Jeanne Drake Ward: Make sure you have access to people with the expertise you need. For example, The Giving Kitchen is made up of people in the restaurant industry, so they clearly had the expertise to open the restaurant, Staplehouse, that’s currently bringing money in to the nonprofit.

Bright: If you don’t have the operational expertise in-house, it’s important to get it from either an advisor or a strategic partnership.

Ward: A good example of that is Moving in the Spirit, who is working on a line of dance wear through our Accelerator. To supplement their in-house knowledge, they recruited a technical designer from Spanx, a former buyer for Macy’s, and a digital marketing director with his own firm.

Douglas: If you’re going to start a business, you have to be willing to invest in it, but you have to be realistic about what it’s going to cost and what you can afford. Marketing and PR are also critical: You have to let people know what you are doing.

Bright: And because nonprofits often don’t have the budget to go on television or radio, you’re going to have to be entrepreneurial in looking for other opportunities to get the word out—online and on the ground.

How can nonprofits learn entrepreneurial skills?

Ward: There are plenty of resources available, including our Accelerator. We also have consultants to provide hands-on guidance and Nonprofit University courses that can help. Resources are also available through Coursera online classes; SCORE, a mentoring service for young entrepreneurs; and the Social Enterprise Alliance.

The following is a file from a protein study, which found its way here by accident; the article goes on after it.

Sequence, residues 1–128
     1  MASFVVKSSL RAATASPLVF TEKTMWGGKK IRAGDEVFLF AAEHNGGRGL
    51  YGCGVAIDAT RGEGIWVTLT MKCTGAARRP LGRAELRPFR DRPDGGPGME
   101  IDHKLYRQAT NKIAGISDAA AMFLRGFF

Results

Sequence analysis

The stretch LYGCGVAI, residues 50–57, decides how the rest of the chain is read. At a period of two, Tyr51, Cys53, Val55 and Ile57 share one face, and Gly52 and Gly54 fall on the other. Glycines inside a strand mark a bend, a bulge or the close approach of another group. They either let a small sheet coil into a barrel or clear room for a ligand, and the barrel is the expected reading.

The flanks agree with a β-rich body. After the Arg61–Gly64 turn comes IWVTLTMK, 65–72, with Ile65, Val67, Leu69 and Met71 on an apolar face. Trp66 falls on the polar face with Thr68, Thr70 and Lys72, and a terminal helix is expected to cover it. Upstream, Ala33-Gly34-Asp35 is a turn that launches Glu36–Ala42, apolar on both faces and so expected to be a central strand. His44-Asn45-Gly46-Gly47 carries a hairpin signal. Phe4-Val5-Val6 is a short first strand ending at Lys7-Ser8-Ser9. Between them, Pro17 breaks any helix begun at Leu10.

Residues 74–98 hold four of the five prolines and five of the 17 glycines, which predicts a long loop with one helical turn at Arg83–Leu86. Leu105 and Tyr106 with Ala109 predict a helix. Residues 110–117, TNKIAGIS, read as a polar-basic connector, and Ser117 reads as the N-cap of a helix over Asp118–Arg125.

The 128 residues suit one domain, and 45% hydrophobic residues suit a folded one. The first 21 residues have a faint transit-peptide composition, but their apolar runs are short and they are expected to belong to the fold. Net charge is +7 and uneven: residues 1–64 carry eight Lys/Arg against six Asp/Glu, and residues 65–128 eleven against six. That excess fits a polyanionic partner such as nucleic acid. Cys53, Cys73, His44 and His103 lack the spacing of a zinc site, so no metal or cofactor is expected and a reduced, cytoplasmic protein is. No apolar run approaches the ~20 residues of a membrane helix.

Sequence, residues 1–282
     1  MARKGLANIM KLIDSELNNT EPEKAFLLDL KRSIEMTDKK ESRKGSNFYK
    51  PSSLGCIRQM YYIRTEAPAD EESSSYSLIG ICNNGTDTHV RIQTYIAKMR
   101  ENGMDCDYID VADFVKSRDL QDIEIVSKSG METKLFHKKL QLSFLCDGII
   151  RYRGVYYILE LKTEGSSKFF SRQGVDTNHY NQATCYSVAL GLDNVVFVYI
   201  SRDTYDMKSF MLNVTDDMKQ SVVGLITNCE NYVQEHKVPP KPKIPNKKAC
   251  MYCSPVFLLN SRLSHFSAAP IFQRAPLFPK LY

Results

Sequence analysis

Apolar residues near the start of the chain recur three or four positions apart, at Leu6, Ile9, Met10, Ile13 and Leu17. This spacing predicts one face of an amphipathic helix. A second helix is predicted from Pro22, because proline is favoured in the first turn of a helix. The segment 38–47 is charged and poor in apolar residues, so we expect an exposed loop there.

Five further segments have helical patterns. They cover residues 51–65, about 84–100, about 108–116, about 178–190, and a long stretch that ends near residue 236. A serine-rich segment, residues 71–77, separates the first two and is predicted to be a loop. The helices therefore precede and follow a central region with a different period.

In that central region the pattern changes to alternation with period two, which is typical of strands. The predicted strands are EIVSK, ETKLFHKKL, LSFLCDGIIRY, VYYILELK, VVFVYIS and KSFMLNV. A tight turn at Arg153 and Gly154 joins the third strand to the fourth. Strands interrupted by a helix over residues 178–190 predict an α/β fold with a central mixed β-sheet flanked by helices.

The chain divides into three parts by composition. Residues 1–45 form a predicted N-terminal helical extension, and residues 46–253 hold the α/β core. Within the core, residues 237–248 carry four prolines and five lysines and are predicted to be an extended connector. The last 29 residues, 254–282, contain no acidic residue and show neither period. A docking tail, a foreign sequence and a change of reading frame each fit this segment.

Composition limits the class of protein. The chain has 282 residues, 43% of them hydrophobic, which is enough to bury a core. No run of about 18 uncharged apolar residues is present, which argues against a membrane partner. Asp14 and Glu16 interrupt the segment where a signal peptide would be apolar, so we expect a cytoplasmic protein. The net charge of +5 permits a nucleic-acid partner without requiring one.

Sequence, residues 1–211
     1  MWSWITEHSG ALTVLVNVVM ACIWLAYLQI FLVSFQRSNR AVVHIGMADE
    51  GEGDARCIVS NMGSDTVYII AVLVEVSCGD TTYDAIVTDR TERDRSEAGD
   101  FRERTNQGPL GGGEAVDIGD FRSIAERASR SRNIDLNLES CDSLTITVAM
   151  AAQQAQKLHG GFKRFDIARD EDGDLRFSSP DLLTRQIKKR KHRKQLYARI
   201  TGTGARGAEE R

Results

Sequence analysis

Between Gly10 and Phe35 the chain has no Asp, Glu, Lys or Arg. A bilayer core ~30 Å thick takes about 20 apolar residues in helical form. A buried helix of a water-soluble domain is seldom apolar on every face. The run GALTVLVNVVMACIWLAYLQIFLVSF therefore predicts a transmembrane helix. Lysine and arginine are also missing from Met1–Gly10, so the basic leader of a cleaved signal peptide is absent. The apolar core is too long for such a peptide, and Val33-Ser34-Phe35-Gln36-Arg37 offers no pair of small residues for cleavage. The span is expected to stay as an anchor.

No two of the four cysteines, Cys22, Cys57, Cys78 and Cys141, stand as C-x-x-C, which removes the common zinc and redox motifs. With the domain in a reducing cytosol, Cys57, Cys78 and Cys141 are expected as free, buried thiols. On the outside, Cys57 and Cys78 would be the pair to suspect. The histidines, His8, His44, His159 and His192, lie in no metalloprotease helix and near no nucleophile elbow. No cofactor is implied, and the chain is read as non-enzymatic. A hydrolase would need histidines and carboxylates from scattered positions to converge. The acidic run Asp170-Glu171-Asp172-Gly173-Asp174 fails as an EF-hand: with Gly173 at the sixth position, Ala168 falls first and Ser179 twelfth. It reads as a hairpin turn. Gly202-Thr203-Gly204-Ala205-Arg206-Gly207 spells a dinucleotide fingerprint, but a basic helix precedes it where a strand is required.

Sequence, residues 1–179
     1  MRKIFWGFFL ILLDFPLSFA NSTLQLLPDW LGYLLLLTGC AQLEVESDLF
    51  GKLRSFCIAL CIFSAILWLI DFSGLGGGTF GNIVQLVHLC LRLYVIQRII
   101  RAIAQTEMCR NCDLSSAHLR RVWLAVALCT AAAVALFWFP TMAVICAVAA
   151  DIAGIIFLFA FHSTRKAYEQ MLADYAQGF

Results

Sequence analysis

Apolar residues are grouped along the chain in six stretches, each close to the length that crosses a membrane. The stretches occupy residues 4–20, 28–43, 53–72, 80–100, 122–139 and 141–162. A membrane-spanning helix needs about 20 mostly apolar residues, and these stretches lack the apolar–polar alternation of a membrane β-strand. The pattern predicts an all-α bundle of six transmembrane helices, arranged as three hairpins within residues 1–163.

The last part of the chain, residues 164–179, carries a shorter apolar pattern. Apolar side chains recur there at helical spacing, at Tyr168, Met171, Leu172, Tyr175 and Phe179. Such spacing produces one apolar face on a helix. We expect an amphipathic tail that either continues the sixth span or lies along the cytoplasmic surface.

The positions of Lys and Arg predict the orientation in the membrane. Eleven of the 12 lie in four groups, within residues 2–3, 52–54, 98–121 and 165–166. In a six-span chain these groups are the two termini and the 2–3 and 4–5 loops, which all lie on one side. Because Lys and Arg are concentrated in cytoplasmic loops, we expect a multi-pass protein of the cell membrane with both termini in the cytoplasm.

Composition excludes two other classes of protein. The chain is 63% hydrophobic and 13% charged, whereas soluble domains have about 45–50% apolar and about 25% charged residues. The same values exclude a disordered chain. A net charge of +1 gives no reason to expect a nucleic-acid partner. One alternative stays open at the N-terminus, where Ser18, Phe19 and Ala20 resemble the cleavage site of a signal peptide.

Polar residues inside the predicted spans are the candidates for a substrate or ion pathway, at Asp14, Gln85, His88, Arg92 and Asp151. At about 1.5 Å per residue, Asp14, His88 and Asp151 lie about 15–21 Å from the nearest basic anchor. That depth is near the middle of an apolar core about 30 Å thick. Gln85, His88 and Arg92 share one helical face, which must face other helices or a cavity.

Douglas: Those in the nonprofit world can benefit by developing relationships with people outside of their particular area, and outside the sector altogether. You don’t know what’s going to spark that revenue-generating idea.

Too often, we don’t look at a failed venture as something to be understood and re-attempted. …An entrepreneur understands that an idea you believe in is worth another try.

Is it useful for a nonprofit to think like an entrepreneur, even if it doesn’t have a product or service to sell?

Ward: Absolutely. All nonprofits are in the business of selling solutions, and they all have a target market beyond their service population: the people they rely on to fund those solutions. To reach them, nonprofits need to use many of the same prospecting and pitching techniques as entrepreneurs.

Bright: Entrepreneurial skills are required for nonprofits to remain relevant and competitive in their ability to harness resources. Given increasing competition for funding, donors’ interest in sustainability alone should push nonprofit leadership to start thinking more entrepreneurially.

The nonprofits that survived the great recession adopted entrepreneurial skills to become more sustainable and push themselves to the next stage in their development. One example of that is investing in technology like apps and social media. If nonprofits stuck with 20th century communication methods, they’d find it challenging just to reach people.

Douglas: All nonprofits would benefit from another way entrepreneurs think differently: being willing to fail.

Ward: And to learn from it!

Douglas: Too often in the nonprofit world, we don’t look at a failed venture as something to be understood and re-attempted. Maybe the issue was the wrong market, or the wrong time of year, or another factor—an entrepreneur understands that an idea you believe in is worth another try.

Facilitated by David Terraso, communications director for GCN.